These are themes somewhat more familiar to visitors to Chelsea or Culver City, but young people in Grand Rapids don’t have access to the same visual investigations. Because of ArtPrize, FSC, Coombs and Robertson, I suspect that more than a few Grand Rapidians are thinking things they’d never considered before about people with disabilities or about gender and the extent to which it is a construct or a choice. Best of all, I’d bet that some young people — twenty or two hundred or heck, probably a lot more — will see what Robertson and Coombs made, will see that it was not just hung with respect but that it was received with thoughtfulness in their hometown. I bet they’ll think about the work — and its reception — in terms of their own experiences and their own consideration of identity and will feel both engaged and challenged. Art’s potential isn’t realized by paintings of Lindsay Lohan made so that some horny old rich guys will part with their cash, it’s realized by artists who have something more substantial to say.

So is ArtPrize occasionally too full of fauna fabricated out of pine straw? Sure. But to focus on that at the expense of all else misses what should be the point: ArtPrize provides a construct that, at its best, can help connect western Michigan with the world beyond. That’s why it’s a valuable thing, and that’s why the organizers should keep working to more fully realize the potential of the event.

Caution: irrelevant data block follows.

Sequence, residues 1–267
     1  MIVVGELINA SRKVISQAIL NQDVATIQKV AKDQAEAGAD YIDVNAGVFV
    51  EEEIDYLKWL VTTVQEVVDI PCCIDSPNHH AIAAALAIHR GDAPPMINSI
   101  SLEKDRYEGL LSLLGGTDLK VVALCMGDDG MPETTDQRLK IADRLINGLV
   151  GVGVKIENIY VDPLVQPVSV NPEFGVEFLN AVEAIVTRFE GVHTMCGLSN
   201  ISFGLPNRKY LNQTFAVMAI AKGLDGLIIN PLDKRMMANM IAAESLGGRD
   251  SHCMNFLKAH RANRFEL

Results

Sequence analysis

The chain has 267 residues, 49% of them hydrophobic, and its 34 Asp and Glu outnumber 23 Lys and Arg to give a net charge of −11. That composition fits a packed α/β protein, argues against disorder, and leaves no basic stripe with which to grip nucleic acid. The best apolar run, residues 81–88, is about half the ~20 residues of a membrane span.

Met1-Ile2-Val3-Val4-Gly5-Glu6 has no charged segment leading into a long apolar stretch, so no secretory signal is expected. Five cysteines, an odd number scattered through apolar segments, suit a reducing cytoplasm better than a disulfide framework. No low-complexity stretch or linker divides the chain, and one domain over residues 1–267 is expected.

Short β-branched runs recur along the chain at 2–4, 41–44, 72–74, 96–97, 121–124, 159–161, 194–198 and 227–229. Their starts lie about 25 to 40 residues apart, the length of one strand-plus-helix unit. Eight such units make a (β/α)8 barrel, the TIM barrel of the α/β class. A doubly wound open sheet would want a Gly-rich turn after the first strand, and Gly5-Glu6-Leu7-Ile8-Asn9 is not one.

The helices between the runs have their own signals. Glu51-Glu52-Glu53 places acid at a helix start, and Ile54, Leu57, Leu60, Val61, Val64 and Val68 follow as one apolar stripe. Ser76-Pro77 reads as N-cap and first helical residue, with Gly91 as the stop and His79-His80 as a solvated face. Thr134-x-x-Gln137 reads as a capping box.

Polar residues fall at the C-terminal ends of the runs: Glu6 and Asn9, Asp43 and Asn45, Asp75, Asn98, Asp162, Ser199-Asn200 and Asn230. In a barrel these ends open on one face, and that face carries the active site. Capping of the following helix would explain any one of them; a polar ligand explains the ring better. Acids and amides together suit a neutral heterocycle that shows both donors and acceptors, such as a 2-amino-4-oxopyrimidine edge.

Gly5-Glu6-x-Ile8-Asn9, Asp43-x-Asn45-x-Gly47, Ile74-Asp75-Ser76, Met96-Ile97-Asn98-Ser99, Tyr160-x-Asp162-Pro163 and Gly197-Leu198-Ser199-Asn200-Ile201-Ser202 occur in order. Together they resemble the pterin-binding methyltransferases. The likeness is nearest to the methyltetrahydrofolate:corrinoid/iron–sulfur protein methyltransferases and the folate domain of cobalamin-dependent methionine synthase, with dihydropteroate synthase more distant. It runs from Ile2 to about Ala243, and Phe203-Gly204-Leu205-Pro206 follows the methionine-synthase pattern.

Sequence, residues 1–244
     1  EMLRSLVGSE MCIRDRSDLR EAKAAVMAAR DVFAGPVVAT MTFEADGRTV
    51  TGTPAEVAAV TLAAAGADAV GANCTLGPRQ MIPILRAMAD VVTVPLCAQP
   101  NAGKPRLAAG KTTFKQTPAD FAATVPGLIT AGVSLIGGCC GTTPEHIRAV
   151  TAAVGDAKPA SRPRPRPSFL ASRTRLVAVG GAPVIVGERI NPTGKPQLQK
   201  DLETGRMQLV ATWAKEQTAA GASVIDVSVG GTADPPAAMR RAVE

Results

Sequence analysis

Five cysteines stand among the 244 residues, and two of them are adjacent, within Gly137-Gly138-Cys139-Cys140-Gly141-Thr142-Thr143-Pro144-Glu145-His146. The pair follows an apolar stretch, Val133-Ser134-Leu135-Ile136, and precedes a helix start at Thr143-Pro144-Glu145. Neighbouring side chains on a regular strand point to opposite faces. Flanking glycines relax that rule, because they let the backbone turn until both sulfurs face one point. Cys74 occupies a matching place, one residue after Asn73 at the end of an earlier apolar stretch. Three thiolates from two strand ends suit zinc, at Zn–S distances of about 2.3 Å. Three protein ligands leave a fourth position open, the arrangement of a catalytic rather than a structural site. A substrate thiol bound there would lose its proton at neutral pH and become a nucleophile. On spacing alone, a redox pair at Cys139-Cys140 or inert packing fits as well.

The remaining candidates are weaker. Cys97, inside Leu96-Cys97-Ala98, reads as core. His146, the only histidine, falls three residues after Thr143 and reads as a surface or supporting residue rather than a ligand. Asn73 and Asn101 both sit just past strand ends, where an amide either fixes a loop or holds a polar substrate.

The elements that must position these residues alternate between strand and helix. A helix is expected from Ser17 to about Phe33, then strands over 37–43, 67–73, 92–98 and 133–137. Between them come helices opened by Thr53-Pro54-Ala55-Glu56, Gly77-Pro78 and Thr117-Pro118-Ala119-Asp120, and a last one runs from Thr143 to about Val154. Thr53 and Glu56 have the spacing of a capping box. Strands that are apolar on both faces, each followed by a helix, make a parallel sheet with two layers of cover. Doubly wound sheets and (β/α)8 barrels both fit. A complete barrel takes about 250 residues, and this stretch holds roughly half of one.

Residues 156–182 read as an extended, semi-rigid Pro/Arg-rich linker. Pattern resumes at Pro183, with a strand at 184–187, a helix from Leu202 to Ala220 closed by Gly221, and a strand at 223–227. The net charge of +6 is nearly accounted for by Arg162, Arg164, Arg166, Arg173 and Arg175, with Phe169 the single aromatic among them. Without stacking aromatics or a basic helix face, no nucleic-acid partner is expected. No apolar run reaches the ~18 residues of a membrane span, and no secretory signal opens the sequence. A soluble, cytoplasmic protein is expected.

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  1. Brett Colley says:

    Hi, Tyler. I think it’s worth noting here (in the interest of forming a more complete picture for the art world assessing ArtPrize from beyond West Michigan) that the work on view at venues such as Site:Lab, the Urban Institute for Contemporary Arts (UICA), Kendall College of Art & Design (KCAD) and the Grand Rapids Art Museum (GRAM) was not “steered” there by ArtPrize. In fact, much of the art on display at these sites was NOT found through ArtPrize at all. In other words, it doesn’t derive from the ArtPrize call for entries/website, but rather through these venues’ OWN calls, as well as a “reserve” of artists deepened through years of exhibits/contacts, and curators’ personal connections. I know that the Site:Lab curators are pro-active about finding good work all year long, as they see it/know it. The UICA has formed its own pool of artists based upon several calls per year. These sites were largely CURATED before the ArtPrize entry deadline even passed. If one could wave a magic wand at the city, leaving only the entries found through the ArtPrize “match game”, I think the resulting exhibitions would be quite telling. In my opinionArtPrize doesn’t warrant credit for the culture that each of these venues has created for itself and for our city, through years of industrious work and expertise. THE WORK OF CURATORS IS CRITICAL to any large-scale art event seeking critical respect…and since its inception, ArtPrize has largely ignored their role in its own success.